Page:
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First Contact

(632 words)

Jiang bursts into my office. “Mallory, it’s real! It’s really real!” He deposits his laptop onto my desk before pacing back and forth.

“Seriously?” I adjust my wire-rimmed glasses and lean in to inspect the results of his latest model. Ever since Green Bank Observatory picked up the signal, we’ve been working to rule out every conceivable false positive. It’s not radio frequency interference. It’s not an aircraft, the International Space Station, a satellite, a pulsar, a variable star, or a gamma ray burst. And now that we’ve accounted for drift rate and Doppler effect, there’s only one thing it can be.

“A transmission from Proxima Centauri,” I whisper, awestruck.

Proxima Centauri: the closest star to the sun, a mere five lightyears away. Recent observations have confirmed it has a planetary system that includes a super-Earth called Proxima B. One to three times as massive as Earth, Proxima B’s orbit falls within its host star’s habitable zone. Liquid water, which means there could be life as we know it. And now?

“It’s 1420 megahertz, too,” he replies giddily.

1420 megahertz, AKA 21 cm, AKA the hydrogen line: a radio frequency the SETI community has spilled much ink over. It’s hypothesized to be the most likely frequency extraterrestrial intelligences would use for interstellar communication. First of all, it results from emission of neutral hydrogen, a critical ingredient for water—and water is mandatory for carbon-based life. Second, there’s the issue of noise. Residual radiation from the Big Bang means that for most radio bands, there’s a lot of static to filter out. But 1420 megahertz is quiet, making it relatively easy for astronomers to pick up a signal.

Or in this case, a message.

I rub my face. “Holy crap.”

“First contact! It has to be! Which means it’s time to bring Dr. Jones up to speed.” Jiang bounces toward the door. “We’re going down in history. How does it feel?”

“Hold up; even if it is—”

“It is!”

If it is, we’ll need other labs to confirm this. And no announcements. First contact protocols are in place for a reason. We don’t want to jump the gun and end up in the British tabloids like—”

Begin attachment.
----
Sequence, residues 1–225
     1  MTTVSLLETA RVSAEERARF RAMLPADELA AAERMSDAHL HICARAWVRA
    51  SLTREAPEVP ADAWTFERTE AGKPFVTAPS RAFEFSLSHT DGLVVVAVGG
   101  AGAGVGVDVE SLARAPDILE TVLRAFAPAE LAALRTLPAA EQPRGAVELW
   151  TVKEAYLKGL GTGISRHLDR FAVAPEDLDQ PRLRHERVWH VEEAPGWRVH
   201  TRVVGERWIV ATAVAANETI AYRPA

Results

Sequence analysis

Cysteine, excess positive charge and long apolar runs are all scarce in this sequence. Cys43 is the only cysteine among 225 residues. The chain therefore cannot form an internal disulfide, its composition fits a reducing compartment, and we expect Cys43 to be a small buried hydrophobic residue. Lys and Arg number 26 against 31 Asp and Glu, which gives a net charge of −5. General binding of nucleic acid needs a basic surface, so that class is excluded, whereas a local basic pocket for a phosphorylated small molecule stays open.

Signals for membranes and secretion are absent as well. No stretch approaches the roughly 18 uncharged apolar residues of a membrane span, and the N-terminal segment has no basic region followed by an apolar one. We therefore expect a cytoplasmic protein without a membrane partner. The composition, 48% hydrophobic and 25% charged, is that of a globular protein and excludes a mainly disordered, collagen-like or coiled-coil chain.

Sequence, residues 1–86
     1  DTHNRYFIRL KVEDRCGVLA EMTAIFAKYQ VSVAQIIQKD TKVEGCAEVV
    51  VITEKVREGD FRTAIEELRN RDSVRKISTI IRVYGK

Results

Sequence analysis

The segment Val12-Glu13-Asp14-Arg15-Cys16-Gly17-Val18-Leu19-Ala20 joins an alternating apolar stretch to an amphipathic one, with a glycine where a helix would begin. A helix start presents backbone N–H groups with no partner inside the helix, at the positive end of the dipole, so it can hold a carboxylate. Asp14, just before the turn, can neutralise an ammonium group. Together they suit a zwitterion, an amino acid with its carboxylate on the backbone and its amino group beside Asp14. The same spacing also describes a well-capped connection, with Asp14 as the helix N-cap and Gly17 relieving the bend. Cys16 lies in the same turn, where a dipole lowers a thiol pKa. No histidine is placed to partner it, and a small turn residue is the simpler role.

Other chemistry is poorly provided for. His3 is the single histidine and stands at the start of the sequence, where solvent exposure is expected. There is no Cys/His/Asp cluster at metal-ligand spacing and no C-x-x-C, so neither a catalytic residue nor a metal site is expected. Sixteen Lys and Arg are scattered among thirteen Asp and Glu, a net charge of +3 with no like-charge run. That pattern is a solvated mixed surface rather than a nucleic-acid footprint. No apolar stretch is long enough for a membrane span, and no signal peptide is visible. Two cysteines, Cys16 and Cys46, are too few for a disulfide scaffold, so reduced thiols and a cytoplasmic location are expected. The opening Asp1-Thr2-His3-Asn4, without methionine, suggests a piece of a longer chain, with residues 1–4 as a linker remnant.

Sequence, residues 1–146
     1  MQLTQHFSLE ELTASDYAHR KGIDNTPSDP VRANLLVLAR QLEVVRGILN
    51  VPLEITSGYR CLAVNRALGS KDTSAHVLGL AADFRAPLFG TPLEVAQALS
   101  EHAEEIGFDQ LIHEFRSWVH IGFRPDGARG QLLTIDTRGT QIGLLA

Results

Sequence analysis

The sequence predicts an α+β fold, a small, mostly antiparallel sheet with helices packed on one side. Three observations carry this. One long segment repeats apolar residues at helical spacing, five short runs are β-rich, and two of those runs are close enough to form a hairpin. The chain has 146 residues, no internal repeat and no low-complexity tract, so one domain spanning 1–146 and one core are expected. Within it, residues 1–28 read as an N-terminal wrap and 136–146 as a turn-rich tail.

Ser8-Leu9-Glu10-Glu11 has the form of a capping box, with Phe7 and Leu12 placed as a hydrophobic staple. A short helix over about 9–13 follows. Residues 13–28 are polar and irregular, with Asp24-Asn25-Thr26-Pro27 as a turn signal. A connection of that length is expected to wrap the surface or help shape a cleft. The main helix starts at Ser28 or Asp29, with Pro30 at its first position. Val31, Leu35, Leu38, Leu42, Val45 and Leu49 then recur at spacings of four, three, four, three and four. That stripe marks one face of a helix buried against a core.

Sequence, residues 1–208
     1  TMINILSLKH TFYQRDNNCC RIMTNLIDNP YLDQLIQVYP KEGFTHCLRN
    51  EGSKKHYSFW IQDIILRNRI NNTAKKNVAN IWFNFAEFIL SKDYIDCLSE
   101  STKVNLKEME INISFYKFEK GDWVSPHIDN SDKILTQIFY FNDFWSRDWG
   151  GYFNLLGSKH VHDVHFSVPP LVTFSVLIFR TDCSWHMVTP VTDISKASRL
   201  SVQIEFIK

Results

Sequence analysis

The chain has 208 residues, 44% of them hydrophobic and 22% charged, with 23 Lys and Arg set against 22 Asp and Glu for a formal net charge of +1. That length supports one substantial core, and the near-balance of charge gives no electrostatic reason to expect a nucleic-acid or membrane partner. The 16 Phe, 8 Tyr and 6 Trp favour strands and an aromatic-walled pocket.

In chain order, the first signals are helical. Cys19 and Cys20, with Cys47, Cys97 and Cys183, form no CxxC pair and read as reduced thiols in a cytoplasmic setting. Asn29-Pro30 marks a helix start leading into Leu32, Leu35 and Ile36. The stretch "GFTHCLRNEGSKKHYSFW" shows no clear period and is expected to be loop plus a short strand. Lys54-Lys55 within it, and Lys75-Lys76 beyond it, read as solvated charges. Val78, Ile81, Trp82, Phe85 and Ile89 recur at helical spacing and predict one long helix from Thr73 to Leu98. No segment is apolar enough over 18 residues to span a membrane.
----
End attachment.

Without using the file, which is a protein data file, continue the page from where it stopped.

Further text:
As I stare at the screen, something clicks into place. Before, I’d forced myself to think of it as random data to keep myself from getting too excited (and therefore biased). Now that I know it’s a signal, I recognize the pattern behind it. I tap the keys furiously.

“What’s going on?” Jiang leans over my shoulder.

“It’s an audio file!”

“How can you tell—”

“Used to work for a podcast. Shush, let me focus.” I motion for him to be quiet. It takes me a few minutes to convert it into a playable format. I sit back and crack my knuckles.

“Ready to be the first humans to hear a transmission from an ETI?”

“Do you think it’ll be music?” he asks eagerly. “Like the Voyager 1 record?”

“Maybe. Or it could be mathematical theorems, or an echo of a recent strong transmission,” I reply, running through popular first contact scenarios I, like other SETI researchers, daydream about. I click the play button, impatiently waiting for it to buffer. “Really could be anything, though. Speaking of transmissions… It’s within five lightyears. Earth has been sending out radio waves for about a hundred. Who knows what they might have learned from 95 years of passive listening?”

The progress wheel stops spinning, and a computerized voice rings out.


I slam the laptop shut.

Several moments go by before Jiang finally breaks our stunned silence. “We never tell anyone.”


Julia LaFond got her master’s in geoscience from Penn State University. She’s had flash fiction published in venues such as Worlds of Possibility, The Martian Magazine of Science Fiction Drabbles, and Twenty-two Twenty-Eight. In her spare time, Julia enjoys reading and gaming. Website:

Radon Journal Issue 6 cover art
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